Then I’ll compare that to a near-term professional forecast for profit growth.

Blending the proven past with a future forecast like this should tell us a lot about where Omnicom’s business might be going.

The company grew its  revenue from $11.721 billion in FY 2009 to $15.290 billion in FY 2018.

That’s a compound annual growth rate of 3.0%.

I’d usually like to see mid-single-digit top-line growth from a fairly mature company like this.

Omnicom Group falls a bit short; however, I think it’s important to keep in mind that this period included one of the most challenging recessions the US has ever had (which is where most of Omnicom Group’s revenue comes from).

In addition, the aforementioned challenges in the broader industry have weighed on results.

Meanwhile, earnings per share increased from $2.53 to $5.83 over this period, which is a CAGR of 9.72%.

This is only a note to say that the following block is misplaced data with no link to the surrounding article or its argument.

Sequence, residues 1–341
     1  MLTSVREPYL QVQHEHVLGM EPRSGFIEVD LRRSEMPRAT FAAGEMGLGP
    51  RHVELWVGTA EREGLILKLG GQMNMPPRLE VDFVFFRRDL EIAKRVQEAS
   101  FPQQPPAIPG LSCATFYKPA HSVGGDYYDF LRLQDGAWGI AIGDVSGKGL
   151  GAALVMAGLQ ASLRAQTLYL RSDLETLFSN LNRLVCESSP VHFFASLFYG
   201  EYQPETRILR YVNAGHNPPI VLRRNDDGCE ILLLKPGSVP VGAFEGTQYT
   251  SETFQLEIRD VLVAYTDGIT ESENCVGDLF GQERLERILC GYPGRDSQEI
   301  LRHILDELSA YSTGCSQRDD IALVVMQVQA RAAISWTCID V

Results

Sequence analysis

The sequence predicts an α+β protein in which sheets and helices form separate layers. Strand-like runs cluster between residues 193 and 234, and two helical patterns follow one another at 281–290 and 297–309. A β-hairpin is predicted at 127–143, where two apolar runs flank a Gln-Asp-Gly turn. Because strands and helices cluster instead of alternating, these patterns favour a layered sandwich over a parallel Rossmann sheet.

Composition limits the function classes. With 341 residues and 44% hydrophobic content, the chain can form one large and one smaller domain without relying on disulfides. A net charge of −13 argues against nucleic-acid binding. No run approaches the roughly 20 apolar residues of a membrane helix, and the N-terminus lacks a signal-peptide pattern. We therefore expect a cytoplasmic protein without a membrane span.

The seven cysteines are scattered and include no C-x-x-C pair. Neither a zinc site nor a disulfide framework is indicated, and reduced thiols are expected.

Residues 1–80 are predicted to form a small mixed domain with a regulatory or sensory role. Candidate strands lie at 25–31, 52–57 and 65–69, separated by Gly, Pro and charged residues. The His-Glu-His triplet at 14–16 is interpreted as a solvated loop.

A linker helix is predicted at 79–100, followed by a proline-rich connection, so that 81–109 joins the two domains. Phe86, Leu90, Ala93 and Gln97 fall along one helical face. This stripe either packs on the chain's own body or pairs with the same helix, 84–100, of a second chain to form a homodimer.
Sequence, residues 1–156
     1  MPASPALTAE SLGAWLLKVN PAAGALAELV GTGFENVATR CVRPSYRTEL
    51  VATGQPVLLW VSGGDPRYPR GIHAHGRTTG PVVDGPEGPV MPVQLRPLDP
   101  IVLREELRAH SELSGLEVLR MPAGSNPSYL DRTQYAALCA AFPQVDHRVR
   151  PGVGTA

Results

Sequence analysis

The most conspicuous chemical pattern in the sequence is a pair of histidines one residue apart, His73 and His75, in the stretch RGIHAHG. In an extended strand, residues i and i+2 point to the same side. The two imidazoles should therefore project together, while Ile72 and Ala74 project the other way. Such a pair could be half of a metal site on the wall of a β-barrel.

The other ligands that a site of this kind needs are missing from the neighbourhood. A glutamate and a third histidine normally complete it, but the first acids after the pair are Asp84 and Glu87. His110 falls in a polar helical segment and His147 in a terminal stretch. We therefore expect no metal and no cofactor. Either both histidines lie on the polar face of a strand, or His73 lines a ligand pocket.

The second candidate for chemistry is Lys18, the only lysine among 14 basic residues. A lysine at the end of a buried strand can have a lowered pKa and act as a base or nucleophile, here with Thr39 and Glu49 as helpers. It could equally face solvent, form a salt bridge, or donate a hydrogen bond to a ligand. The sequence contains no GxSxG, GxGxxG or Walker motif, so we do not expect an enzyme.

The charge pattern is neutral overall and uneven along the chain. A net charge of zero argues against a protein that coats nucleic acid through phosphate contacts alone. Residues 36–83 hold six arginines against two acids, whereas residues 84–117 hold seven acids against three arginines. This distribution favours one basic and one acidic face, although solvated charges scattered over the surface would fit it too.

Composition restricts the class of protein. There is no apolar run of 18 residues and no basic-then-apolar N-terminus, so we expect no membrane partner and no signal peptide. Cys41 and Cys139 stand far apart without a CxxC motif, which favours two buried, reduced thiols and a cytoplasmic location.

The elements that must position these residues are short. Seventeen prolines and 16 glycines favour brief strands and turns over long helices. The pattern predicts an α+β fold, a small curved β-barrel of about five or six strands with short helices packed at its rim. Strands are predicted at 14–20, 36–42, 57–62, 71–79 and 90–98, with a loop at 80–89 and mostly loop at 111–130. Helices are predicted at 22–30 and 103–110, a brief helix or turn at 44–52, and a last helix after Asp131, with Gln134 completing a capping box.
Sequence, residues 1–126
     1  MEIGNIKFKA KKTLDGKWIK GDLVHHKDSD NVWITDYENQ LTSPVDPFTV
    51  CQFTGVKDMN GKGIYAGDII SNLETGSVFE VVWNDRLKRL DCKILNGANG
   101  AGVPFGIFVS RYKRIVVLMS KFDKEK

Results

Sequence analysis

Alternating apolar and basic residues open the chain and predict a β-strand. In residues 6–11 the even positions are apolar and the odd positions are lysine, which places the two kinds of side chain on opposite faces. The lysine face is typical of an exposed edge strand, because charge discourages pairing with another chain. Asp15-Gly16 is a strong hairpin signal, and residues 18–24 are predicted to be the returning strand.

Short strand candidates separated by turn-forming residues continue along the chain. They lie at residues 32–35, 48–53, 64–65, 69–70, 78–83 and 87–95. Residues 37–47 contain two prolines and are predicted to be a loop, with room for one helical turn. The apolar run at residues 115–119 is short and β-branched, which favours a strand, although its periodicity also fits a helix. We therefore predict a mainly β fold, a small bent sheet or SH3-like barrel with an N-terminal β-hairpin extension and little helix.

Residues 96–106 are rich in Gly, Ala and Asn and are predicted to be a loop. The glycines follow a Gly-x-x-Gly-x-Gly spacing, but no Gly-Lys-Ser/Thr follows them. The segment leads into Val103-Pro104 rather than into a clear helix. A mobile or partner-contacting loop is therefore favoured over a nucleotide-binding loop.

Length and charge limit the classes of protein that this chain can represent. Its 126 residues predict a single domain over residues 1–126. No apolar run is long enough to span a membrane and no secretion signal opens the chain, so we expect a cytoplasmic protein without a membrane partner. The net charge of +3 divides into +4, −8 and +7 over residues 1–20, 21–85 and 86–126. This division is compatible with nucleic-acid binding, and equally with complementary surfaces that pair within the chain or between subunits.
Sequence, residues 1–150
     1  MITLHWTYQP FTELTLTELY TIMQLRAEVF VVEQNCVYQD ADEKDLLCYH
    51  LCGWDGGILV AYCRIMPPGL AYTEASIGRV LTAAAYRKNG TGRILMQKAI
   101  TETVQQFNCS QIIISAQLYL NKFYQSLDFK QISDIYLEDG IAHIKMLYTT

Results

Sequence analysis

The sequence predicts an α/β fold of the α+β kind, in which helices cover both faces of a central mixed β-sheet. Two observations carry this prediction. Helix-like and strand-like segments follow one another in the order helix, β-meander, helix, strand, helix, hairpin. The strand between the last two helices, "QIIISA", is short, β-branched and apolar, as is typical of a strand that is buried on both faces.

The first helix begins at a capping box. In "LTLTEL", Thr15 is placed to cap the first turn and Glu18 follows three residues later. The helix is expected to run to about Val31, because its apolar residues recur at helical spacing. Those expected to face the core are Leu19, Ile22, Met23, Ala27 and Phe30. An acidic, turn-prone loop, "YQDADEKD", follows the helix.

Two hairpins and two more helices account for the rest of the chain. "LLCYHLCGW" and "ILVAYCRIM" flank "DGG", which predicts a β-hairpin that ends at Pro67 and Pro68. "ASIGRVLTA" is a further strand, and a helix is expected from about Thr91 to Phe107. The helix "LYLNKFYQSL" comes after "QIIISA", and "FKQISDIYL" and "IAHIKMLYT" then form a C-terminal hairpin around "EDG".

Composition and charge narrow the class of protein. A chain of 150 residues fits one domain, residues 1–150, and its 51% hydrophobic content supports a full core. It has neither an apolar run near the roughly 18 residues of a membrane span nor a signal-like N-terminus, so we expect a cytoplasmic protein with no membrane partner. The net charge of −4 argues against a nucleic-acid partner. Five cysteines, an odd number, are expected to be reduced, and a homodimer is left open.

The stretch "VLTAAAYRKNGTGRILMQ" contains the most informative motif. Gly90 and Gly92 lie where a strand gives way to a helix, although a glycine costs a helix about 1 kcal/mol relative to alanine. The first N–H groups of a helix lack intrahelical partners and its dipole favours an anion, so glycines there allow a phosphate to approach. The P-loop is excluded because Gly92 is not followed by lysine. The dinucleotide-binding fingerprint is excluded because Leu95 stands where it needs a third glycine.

We can see plenty of excess bottom-line growth here.

That appears to be mostly fueled by significant share buybacks – the company has reduced its outstanding share count by almost 27% over the last decade.

Simultaneously, Omnicom Group has worked to expand margins, particularly over the last five years.

I think margin expansion should uplift investors, since that’s occurred during a period of unprecedented change in the industry.

Looking out over the next three years, CFRA is predicting that Omnicom Group will compound its EPS at an annual rate of 5%.

That’s a marked change from the 8% EPS CAGR that CFRA was predicting as recently as this spring, back when the target price on OMC was actually much lower. I honestly find it inexplicable to lower growth expectations and raise the target price.

CFRA sees broad-based revenue growth helped by digital transformation initiatives, a favorable mix of services, and investments in data and analytics.